Claviger: Bursting the Bubble for Raniere Followers on Cami and a New Trial

Don't burst his bubble - but Keith Raniere is not going to walk on earth again.

[Editor’s Note: Below is a compilation of comments that K.R. Claviger has made regarding the current debate concerning the nude photos of Cami that were supposedly taken when she was 15-years-old. Because these comments were made at different times, there may be some overlap and duplication.]


By K.R. Claviger

I hate to burst the big bubble of baseless hope but even if Suneel and the remaining followers of Keith Alan Raniere were right about the point Suneel is trying to make with regard to the possible alteration of Cami’s photo, it would not change the outcome of the trial.

That’s because the photos in question was only relevant with respect to one of the eleven predicate acts concerning Count Two: Racketeering.

That was Racketeering Act 4: Possession of Child Pornography.

The actual charge of Possession of Child Pornography was in Count Five of the second superseding indictment — and that charge was dismissed on jurisdictional grounds and referred to the ‘Hear-No-Evil, See-No-Evil, Not-Indict-Evil’ Northern District of New York.

And even if the same photos were also linked to two other predicate acts — i.e., Racketeering Act 2: Sexual Exploitation of a Child on November 2, 2005 and Racketeering Act 3: Sexual Exploitation of a Child on November 24, 2005 — that still leaves eight other predicate acts that Keith was found to have committed with respect to the charge of Racketeering.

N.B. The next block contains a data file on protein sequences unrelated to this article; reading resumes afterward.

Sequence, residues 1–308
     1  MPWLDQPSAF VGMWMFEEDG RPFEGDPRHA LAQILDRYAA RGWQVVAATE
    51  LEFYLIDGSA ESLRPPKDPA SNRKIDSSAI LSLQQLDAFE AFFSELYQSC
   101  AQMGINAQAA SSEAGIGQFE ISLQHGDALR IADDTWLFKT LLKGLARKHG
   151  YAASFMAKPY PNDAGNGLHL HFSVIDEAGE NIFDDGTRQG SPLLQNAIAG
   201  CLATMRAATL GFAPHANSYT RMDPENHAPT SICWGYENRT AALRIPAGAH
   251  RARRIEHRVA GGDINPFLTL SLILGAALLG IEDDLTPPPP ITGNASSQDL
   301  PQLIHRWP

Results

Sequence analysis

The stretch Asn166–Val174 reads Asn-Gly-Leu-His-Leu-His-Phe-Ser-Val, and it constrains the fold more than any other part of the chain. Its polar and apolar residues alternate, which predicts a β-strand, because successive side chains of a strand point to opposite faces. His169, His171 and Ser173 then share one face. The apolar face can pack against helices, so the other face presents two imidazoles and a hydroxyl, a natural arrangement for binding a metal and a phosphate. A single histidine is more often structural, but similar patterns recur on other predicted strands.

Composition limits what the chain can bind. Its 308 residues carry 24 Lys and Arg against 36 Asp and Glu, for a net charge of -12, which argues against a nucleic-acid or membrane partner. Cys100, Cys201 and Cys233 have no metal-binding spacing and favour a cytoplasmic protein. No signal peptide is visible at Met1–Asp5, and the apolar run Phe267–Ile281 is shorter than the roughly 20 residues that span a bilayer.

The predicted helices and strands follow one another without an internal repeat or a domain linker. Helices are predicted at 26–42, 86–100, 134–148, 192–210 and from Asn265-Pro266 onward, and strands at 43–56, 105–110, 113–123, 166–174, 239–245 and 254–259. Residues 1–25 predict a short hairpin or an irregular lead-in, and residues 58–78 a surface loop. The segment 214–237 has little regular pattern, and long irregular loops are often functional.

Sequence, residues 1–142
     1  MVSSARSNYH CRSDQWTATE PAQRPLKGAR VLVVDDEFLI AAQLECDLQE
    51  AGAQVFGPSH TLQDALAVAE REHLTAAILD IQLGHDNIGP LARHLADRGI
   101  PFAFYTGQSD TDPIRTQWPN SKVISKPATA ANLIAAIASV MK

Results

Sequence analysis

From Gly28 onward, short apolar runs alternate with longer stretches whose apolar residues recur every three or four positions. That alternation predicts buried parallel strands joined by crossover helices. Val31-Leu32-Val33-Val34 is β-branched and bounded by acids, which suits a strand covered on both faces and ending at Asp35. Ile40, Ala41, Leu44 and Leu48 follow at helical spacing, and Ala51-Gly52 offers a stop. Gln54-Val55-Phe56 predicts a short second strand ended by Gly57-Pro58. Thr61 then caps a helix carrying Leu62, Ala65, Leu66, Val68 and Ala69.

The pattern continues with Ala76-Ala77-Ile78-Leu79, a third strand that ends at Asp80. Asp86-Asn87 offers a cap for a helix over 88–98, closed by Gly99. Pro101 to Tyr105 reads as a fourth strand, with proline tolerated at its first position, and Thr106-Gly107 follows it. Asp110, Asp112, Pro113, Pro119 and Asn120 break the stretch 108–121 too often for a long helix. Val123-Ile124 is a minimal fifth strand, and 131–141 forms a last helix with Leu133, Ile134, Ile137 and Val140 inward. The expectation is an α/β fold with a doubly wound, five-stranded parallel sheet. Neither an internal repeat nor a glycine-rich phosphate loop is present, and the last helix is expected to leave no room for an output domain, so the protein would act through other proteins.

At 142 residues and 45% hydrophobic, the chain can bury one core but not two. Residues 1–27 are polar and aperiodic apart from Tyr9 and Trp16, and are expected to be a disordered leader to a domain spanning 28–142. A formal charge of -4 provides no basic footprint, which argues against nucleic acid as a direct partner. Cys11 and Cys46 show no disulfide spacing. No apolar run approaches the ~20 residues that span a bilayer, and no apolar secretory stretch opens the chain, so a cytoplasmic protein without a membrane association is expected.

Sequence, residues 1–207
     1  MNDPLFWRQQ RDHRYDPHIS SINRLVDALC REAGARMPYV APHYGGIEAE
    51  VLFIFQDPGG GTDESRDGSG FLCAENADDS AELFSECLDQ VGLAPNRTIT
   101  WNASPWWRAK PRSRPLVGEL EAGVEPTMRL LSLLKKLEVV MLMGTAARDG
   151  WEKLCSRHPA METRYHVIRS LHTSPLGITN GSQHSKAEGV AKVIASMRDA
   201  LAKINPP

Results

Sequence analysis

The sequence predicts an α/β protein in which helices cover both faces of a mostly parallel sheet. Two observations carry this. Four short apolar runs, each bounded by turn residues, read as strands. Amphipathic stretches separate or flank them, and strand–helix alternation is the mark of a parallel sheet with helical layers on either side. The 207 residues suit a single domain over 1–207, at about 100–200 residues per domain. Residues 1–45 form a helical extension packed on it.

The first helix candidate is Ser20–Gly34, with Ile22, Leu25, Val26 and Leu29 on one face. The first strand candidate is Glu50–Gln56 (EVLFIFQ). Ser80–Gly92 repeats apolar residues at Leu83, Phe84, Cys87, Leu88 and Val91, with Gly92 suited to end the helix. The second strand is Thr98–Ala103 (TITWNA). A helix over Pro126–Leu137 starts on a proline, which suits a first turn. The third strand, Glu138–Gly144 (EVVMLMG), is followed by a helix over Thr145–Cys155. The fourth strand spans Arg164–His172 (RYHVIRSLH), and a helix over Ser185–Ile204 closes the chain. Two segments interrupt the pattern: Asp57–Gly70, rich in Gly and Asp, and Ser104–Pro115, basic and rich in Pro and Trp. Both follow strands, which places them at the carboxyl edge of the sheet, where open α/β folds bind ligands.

In essence, you’re employing the same strategy that Derek Chauvin’s attorneys used in his recent trial: keep throwing shit ball alternative theories at the wall — and hope that some of them stick. And we all know how well that turned out.

Derek Michael Chauvin is an American former police officer who was convicted of the murder of George Floyd in Minneapolis, Minnesota. He is awaiting sentencing.

What Were the Charges?

How about you take off the training wheels — and start dealing directly with the seven crimes that a jury of twelve independent people unanimously concluded Keith committed? Just to refresh your mind, those were:

  1. Racketeering
  2. Racketeering Conspiracy
  3. Forced Labor Conspiracy
  4. Wire Fraud Conspiracy
  5. Sex Trafficking Conspiracy
  6. Sex Trafficking of Nicole
  7. Attempted Sex Trafficking of Jaye
Jessica Joan AKA Jaye came out publicly after Keith Raniere’s conviction with a podcast to help others understand her childhood trauma and the abuse she experienced while in DOS.

I think Suneel understands the points I make but because he can’t refute them, he either ignores them or he deflects them by responding about a different topic. As much as anything, I make my comments to be sure that Frank Report readers can see the holes in Suneel’s arguments: like thinking that the overturning of one predicate act would somehow undo the outcome of Keith’s entire trial.

Keith Raniere did not put on a defense

Keith Could Have Called Cami as a Witness

I can’t recall whether anyone has already raised this point but it should be noted that Keith also had the right to call Cami as a witness. Granted it may have been difficult for Keith’s attorneys to force her to show up in Brooklyn, NY for the trial — but the question is “Did they try to do that?”

And since Cami was being represented by an attorney paid for by Clare Bronfman, did Keith’s attorneys even interview her?

FBI May Not Have Followed Protocol

In the meantime, however, I do want to point out what normally happens when the FBI — or any other police-type organization — has seized electronic evidence. The first step in most standard protocols is to make a duplicate/mirror image of the electronic evidence — which allows forensic examiners to examine the evidence all they want without disturbing its condition at the time it was seized.

It does not appear that was done here — at least not by the person who accessed the camera card on September 19, 2018.

Correcting Misrepresentations

I also want to point out how some of the misrepresentations that are being bandied about by various commenters.

Based on my original review of the trial transcripts — which was back when the trial was going on — here are some statements that I do not believe are accurate: